In the days before Winter finally arrived in the Tahoe Sierra, I spent a half a day looking for my Lincoln Highway talisman, the original concrete Lincoln Highway Marker Posts that were among the roughly 3000 that were placed from coast to coast by the Boy Scouts on a single day during their 1928 National Safety Tour to promote the highway and their Marker Post Project!

I haven't found a definitive number of the surviving Marker Posts, but I finally found one intact LH Marker Post up at Big Bend just west of Donner Summit. Closer to home, I found the remains of two more near Donner Lake.

I made some photographs of the Big Bend Post that day, but at the time I was so sad to see the condition of the Donner Lake Posts that I didn't snap a one of them.

Replica LH Marker Post on the 1913 alignment, approximately 100ft from the 1928 road.
Judging from the condition of the Big Bend Post, I have to think it's a replica, not an original. 84 years out in the harsh climate of Donner Summit, with the constant freeze and thaw would be a very extreme test of the concrete's integrity. I would expect some severe spalling from the top down would have lead to the total demise of the post by now.

I should preview my photos before I start blogging about them!
The Lincoln Highway Association offers a Replica LH Marker Post for sale at their Lincoln Highway Trading Post for $725 +Shipping, which could break the bank depending on your location...

Now I know a thing or two about building concrete forms. If I had a blueprint of the original LH Marker Post Forms, I could turn out plenty of replicas! I'd donate two to the property owners who have the wrecked Marker Posts on their Donner Lake properties.

You know, Truckee doesn't have a single intact LH Marker Post within the Town Boundaries...and that's about 75 square miles, filthy with Lincoln Highway history!

I'm going to plea with the Lincoln Highway Association to make the blueprints available on their website. Maybe a combo with the LH Marker Post Lincoln Medallion!

Monday, January 23, 2012

Phobos/Grunt Watch...Post-Mortem

So it's been a week since Phobos/Grunt plunged into oblivion, and the news of the Russian probe has disappeared into oblivion as well. (I must confess that I have been a little less than vigilant since Thursday when the long Winter's drought began to end, and my NFL Football team the San Francisco 49ers were playing for a berth in the Super Bowl™)

So we've all been waiting for some definitive word on Phobos/Grunt's demise. No word has been forthcoming since reentry. There is still a little finger pointing coming from Russian sources.

Finally, this could be closure:

@Zarya_Info tweets: "Phobos-Grunt - SpaceTrack has issued a full TIP Message for the decay: , notes & updated map:"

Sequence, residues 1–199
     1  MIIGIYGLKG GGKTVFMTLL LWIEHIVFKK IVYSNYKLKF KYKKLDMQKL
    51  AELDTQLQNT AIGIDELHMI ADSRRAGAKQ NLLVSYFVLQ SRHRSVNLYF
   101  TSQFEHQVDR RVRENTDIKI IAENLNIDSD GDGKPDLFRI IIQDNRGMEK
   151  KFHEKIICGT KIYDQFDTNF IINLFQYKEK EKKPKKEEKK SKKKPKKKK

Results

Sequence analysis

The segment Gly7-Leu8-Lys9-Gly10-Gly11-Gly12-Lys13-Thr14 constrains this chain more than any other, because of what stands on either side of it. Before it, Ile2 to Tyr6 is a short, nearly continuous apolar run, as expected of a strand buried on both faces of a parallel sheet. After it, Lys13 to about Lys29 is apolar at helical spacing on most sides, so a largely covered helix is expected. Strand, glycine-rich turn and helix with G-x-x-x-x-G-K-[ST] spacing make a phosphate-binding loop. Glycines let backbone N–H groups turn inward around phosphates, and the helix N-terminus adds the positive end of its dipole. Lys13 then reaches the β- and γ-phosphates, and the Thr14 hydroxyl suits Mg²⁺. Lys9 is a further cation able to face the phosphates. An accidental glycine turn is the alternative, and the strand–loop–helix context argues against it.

Zarya's posted his Phobos/Grunt Wrap-Up Blog.

@cosmos4u tweets: "Eight days after Fobos-Grunt came down, the U.S. military "suddenly" claims to know precisely(!) when & where: -source?"

As an American taxpayer, I'd be dismayed if US Stratcom didn't watch reentry in realtime from it's vast array of Spy Satellites. Furthermore, I'd expect them to keep their hand close to the vest, lest they tip potential adversaries to our surveillance capabilities.

Thanks for following along everyone! Stay tuned...there's tons of satellites in decaying orbits. I'll cover the next one when in shows up on my radar!

Sunday, January 22, 2012

Friday Night Lights

Friday night's shift started slow, but finished on higher notes.

The storm came in with much higher snow levels than we'd like. On my way into work, the torrential rain made driving much rain became standing water because the crown of the roads couldn't drain the rain as fast as it fell. Had it been snow, it would have been 6+ inches/hour!

Snow levels lowered to pass level at 11:30PM after raining all day. It was way ugly...

Swing shift was grateful to finish their shifts, and advised we "take our time getting out there" we happily agreed...time to let the mountain "drain"...

We'd tallied around six inches of snow by 4AM. More hours of drain time were needed, but you can't make time...

In 30 years on my mountain, I've never seen more puddles, sinks and water running over the piste...we attacked it head-on...digging ditches...

Every "water feature" needed help draining. Blade a trench to help the water drain from the piste. Wherever possible we enlisted the lift operators to "do the finish work" to speed the drainage.

The bunny hill complex was our biggest problem...

Now I've seen plenty of rain on My Mountain over the years, but this is the first time I've seen so much rain on top of such a slim "base". The bunny hill has several "flats" that all became ponds or lakes.The pack is so thin, you can't "trench" it to help it drain, lest you tear up the erosion-control stuff...water bars and berms mostly. So we wait...I'm guessing the bunny complex didn't open at all Saturday.

Once we'd drained as much as time would allow, we pasted everything back together, and packed up.

Five modern groomers working as a pack is an awesome thing to behold, easily leaving 60-70 feet of corduroy in it's wake. The pack re-rolled half the open trails in a jiffy. The top of the mountain opened an hour late...but it opened with fresh corduroy from top to bottom.

After the soggy start, the groomers were treated to a half an hour on hero snow...the first of the season. Tonight's gonna ROCK!